Hayward City Council gives itself a raise

HAYWARD, Calif. — After going years without any pay increases, members of the Hayward City Council are set to receive a 65.1% raise for their service.

On Tuesday, Nov. 7, the Hayward City Council voted unanimously to raise the mayor’s annual salary from $41,958 to $69,288 and the councilmembers’ annual salaries from $26,224 to $43,305. The councilmembers emphasized that the salary increase is intended to enable individuals from all socioeconomic backgrounds to serve on the council by removing compensation as a barrier.

“When the majority of Americans can’t afford a $600 emergency, and we live in a democracy that supposedly respects the majority, then we need a compensation structure that also honors that majority,” Councilmember George Syrop said. “It says right now that the only people that can represent our community are those that can afford to or are willing to suffer a great deal.”

The councilmembers’ handbook states that the compensation for the mayor and members of the council may increase to keep up with the annual rate of inflation, but by no more than 5%. However, the council waived all salary increases between 2004 and 2022 and took a 5% pay cut in 2009 because of the Great Recession, when the U.S. housing bubble burst and caused an economic downturn.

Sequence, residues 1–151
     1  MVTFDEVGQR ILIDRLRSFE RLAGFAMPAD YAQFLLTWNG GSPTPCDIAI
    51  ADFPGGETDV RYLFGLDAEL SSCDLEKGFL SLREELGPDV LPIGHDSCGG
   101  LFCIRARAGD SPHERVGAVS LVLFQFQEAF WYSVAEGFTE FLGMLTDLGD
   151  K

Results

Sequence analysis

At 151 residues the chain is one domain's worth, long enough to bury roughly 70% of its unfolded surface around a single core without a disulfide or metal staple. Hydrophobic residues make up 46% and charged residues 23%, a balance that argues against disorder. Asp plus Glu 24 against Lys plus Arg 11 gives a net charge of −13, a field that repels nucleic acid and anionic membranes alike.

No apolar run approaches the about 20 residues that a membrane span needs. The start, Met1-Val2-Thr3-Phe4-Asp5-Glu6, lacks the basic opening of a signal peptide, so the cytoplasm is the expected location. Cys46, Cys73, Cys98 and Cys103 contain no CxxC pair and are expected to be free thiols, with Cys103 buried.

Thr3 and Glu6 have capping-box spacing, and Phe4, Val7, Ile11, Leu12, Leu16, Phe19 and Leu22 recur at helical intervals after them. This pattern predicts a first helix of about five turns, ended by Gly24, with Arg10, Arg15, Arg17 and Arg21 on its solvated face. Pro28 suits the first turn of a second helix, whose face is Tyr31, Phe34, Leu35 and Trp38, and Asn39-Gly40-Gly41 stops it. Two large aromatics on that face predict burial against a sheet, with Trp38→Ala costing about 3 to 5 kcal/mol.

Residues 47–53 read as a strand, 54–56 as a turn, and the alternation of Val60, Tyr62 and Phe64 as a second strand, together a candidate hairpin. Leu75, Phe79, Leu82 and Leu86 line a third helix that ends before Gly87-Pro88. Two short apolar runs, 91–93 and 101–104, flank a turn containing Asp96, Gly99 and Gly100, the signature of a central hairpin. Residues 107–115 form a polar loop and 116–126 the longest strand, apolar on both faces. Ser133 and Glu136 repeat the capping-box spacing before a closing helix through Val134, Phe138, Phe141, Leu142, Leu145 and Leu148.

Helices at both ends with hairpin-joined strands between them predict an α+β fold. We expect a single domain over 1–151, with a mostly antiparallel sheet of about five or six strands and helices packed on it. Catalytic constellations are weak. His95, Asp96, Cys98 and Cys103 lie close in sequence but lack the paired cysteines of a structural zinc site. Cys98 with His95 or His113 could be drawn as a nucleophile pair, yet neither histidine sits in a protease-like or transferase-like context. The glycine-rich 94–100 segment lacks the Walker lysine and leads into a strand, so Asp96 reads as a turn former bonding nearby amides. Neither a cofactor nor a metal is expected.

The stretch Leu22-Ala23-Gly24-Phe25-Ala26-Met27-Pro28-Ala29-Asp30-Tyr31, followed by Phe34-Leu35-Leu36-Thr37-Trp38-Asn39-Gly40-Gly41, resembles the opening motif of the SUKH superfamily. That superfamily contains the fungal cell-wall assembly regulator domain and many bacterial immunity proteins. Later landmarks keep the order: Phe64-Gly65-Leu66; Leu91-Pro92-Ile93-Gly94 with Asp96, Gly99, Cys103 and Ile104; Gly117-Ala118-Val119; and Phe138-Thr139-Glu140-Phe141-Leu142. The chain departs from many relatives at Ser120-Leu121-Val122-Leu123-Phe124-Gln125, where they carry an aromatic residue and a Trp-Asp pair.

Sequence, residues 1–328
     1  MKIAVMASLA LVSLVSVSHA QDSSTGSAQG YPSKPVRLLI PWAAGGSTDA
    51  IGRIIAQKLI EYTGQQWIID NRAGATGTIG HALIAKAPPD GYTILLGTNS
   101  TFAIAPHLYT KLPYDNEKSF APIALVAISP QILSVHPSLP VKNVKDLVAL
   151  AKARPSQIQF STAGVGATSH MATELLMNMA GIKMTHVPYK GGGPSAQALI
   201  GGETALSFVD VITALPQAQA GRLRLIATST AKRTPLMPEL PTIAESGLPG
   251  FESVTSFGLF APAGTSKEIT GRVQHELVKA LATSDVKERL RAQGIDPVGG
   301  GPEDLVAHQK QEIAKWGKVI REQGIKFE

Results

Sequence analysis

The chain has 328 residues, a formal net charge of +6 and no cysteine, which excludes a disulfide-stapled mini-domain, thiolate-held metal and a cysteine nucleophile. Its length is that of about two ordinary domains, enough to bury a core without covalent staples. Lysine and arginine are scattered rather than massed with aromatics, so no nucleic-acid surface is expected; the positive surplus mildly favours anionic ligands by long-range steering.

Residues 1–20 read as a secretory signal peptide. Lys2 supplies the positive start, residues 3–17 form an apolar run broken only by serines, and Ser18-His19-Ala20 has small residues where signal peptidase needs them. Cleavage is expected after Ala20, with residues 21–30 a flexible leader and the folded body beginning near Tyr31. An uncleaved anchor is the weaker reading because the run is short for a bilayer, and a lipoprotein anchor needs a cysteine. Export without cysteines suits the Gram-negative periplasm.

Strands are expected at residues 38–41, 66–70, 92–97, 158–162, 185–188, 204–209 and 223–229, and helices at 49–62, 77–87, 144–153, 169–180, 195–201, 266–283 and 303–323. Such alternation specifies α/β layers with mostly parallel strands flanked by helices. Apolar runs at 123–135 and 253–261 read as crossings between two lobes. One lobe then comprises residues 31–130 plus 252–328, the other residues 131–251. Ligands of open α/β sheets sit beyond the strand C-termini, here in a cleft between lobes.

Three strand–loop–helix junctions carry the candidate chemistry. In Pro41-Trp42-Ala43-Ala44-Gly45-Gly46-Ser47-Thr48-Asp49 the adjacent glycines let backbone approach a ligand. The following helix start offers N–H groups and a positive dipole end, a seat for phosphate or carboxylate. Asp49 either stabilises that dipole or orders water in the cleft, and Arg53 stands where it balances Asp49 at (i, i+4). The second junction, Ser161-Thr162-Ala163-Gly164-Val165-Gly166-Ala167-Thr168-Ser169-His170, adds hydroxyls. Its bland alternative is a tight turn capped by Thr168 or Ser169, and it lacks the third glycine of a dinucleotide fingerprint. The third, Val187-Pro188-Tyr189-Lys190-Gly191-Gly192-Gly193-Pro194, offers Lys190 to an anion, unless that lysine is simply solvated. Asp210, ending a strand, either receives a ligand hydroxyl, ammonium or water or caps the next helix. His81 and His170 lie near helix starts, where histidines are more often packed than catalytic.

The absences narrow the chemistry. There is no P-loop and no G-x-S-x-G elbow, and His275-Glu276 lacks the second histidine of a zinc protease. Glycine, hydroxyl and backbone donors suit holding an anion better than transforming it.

The ad hoc committee that reviewed the compensation increases, comprised of councilmembers Dan Goldstein and Syrop and Mayor Mark Salinas, reviewed three options. The first would have kept their compensation the same. The third option proposed raising the mayor’s salary to $52,782 and the councilmembers’ salaries to $32,989, aligning them with inflation rates since 2016.

The council ultimately chose the second option, which adjusted their salaries based on inflation rates since 2004.

“We’re not changing anything,” Goldstein said. “We’re just asking to put back into place the means and the methods that were already approved.”

Councilmember Angela Andrews said she would have been fine with Option 3 but also acknowledged that it was important for everyone to feel like they had the opportunity to serve on the council, which can be very time-consuming.

“We’re not just here Tuesdays making decisions on the dais,” Andrews said. “It’s committee on top of committee on top of committee.”

A couple members of the public, including 2nd District Alameda County Supervisor Elisa Márquez, called in during public comments to voice their support for the pay increase, also speaking to the need to fairly compensate both current and future members of the council.

These changes were part of a broader set of updates to the councilmembers’ handbook.

Sonia Waraich can be reached at 510-952-7455.

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